For weeks, John McCain and his campaign have made claims contradicted by reality: Barack Obama favors sex education for kindergartners and insulted Alaska Gov. Sarah Palin; Palin sold her state plane on EBay and turned down federal money for the “bridge to nowhere.”
Obama has argued that McCain doesn’t understand voter concern about the foundering economy and -- attention, Michigan voters -- has refused to support loan guarantees for the auto industry.
If any of those statements rings true, then a campaign adage has proved itself again: Repeat something often enough, and it becomes real, even when it isn’t.
Political innocents may wonder why a candidate like McCain, whose campaign is premised on what he calls “straight talk” -- and to a lesser extent Obama -- have veered from the flat truth.
The answer is simple: because it works.
Both major party candidates for president vowed to run a different kind of campaign, implicitly promising a break from the spin-fests that past contests had become. But the close race and the tumultuous media environment in which McCain and Obama now find themselves appear to have crushed those notions.
“When you are seeking people’s approval, you tend to tell them what you think they want to hear,” said Brooks Jackson, a former Associated Press and CNN reporter who runs the online truth-squad effort Fact Check.org.
Analysts who have studied campaign rhetoric point out that rhetorical excess is hardly new. Plato railed against it 2,400 years ago. But even he might have been taken aback this year, particularly by the GOP ticket’s recent comments and advertisements.
On Saturday, the McCain team was on the defensive after the Boston Globe reported that Palin’s 2007 trip to Iraq, which the campaign had forwarded as evidence of foreign policy experience, was actually a trip to a Kuwait-Iraq border crossing. The campaign earlier had said the trip -- her only one outside North America -- included a visit to Ireland, but later acknowledged that was a refueling stop.
On Friday, McCain himself added to the list of untruths. He said on ABC’s “The View” that his running mate would help him put a stop to congressional pork projects known as “earmarks,” which are put into appropriations bills without the normal review procedures.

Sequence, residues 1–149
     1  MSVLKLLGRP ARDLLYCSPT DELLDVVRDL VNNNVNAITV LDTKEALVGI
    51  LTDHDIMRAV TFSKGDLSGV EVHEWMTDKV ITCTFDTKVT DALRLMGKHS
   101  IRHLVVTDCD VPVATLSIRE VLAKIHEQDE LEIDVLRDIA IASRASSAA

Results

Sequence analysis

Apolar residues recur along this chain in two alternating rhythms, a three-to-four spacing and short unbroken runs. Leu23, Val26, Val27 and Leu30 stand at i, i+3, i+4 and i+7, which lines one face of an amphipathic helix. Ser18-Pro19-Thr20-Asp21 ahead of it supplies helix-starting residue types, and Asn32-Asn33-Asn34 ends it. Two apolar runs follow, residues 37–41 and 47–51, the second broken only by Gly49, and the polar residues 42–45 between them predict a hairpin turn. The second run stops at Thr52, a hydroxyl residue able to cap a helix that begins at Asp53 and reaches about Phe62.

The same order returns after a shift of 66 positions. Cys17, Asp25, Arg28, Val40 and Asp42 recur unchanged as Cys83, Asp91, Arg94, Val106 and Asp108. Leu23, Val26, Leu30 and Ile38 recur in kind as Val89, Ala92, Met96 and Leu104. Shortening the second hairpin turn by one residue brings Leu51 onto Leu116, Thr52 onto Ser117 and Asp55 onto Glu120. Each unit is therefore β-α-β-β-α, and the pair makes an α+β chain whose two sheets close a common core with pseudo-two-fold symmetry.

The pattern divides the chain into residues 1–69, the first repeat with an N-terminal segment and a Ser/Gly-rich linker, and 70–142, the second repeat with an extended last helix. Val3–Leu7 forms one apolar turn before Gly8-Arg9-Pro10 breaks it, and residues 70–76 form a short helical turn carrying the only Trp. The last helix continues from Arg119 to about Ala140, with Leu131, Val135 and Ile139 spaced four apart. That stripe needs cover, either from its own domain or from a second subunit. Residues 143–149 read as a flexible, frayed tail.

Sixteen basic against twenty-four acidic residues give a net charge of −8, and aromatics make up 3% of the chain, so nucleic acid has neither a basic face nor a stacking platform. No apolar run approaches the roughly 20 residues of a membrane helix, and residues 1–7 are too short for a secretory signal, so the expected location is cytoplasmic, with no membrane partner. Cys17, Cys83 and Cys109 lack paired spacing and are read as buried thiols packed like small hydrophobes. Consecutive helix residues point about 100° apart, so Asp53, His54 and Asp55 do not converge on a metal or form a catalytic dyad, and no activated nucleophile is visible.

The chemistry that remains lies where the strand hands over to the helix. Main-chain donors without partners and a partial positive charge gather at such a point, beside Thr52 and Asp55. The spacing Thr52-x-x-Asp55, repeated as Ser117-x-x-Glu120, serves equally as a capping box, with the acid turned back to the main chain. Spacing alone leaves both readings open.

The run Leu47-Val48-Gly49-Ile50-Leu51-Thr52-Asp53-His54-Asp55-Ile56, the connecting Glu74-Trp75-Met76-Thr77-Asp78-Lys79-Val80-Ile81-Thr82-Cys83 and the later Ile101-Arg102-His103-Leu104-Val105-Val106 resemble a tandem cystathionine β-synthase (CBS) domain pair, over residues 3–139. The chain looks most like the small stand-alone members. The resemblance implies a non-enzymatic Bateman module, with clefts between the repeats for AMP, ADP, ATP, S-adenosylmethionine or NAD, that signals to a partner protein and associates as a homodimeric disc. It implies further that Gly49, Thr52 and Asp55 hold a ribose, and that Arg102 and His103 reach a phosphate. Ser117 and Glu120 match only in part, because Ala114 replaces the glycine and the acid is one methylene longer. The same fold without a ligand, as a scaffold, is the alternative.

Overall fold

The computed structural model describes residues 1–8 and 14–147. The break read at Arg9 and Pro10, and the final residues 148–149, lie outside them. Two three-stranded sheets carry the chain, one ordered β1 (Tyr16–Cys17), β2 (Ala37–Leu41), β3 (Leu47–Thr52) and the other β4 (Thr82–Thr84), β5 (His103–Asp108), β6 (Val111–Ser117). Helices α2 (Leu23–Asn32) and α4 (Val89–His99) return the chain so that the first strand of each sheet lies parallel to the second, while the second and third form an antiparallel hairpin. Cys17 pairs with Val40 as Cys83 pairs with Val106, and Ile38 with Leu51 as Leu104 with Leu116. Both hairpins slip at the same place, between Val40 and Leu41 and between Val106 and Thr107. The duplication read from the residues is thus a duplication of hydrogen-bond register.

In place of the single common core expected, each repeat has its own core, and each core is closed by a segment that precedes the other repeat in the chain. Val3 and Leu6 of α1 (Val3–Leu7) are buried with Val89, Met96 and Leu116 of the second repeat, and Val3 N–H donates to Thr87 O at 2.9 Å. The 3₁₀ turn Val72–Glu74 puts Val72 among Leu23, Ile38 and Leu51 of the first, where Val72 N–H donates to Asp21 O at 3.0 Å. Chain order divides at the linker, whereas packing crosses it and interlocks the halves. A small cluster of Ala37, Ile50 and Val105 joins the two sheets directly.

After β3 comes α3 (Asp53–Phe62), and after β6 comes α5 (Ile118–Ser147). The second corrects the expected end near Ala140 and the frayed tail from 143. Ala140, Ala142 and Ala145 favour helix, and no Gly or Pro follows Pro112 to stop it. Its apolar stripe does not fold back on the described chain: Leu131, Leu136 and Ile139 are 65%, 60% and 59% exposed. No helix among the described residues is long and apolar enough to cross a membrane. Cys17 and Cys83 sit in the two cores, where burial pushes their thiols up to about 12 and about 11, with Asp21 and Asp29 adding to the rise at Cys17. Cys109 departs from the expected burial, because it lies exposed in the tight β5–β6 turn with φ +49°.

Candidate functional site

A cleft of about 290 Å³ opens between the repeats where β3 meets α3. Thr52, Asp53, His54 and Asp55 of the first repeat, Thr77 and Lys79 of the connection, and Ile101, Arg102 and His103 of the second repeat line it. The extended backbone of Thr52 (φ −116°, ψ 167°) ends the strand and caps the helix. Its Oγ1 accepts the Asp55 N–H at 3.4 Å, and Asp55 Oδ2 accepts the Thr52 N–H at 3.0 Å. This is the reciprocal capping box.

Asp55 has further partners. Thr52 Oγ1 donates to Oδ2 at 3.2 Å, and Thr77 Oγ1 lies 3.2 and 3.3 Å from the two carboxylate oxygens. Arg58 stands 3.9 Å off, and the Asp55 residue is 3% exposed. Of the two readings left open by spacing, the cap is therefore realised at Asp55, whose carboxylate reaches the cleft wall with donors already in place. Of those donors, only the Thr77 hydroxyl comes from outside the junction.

When co-host Barbara Walters noted that Palin herself has requested earmarks, McCain inaccurately responded, “No, not as governor she didn’t.”
In fact, she requested $198 million in earmarks this year as governor, atop millions more when she was mayor of the small town of Wasilla.
McCain also brushed back criticism of two misleading ads released by his campaign this week, one that attacked Obama on sex education and another that said he equated her with a pig. Both ads have been debunked by independent analysts. FactCheck called the sex education ad “simply false” and said along with others that Obama was talking about McCain’s government reform strategy, not Palin, when he said the campaign was putting “lipstick on a pig.”
On “The View,” co-host Joy Behar asked McCain about the ads, calling them “lies.”
“Actually they are not lies,” McCain replied.
McCain and his campaign have insisted that all of their complaints about Obama are grounded in fact, as Obama has when confronted with errors in his criticisms of McCain.
In this presidential campaign, as in others before it, words can be shaded in a variety of ways -- direct falsehoods, technically accurate but misleading statements, incendiary suggestions or cherry-picked information lacking necessary context.
Careful attention to the wording is key.
McCain and Palin have emphasized her reformist credentials by saying she put the Alaska state plane for sale on EBay; McCain went so far as to say she sold it for a profit. Actually, the plane did not find a buyer on EBay and was later sold for a loss by a broker.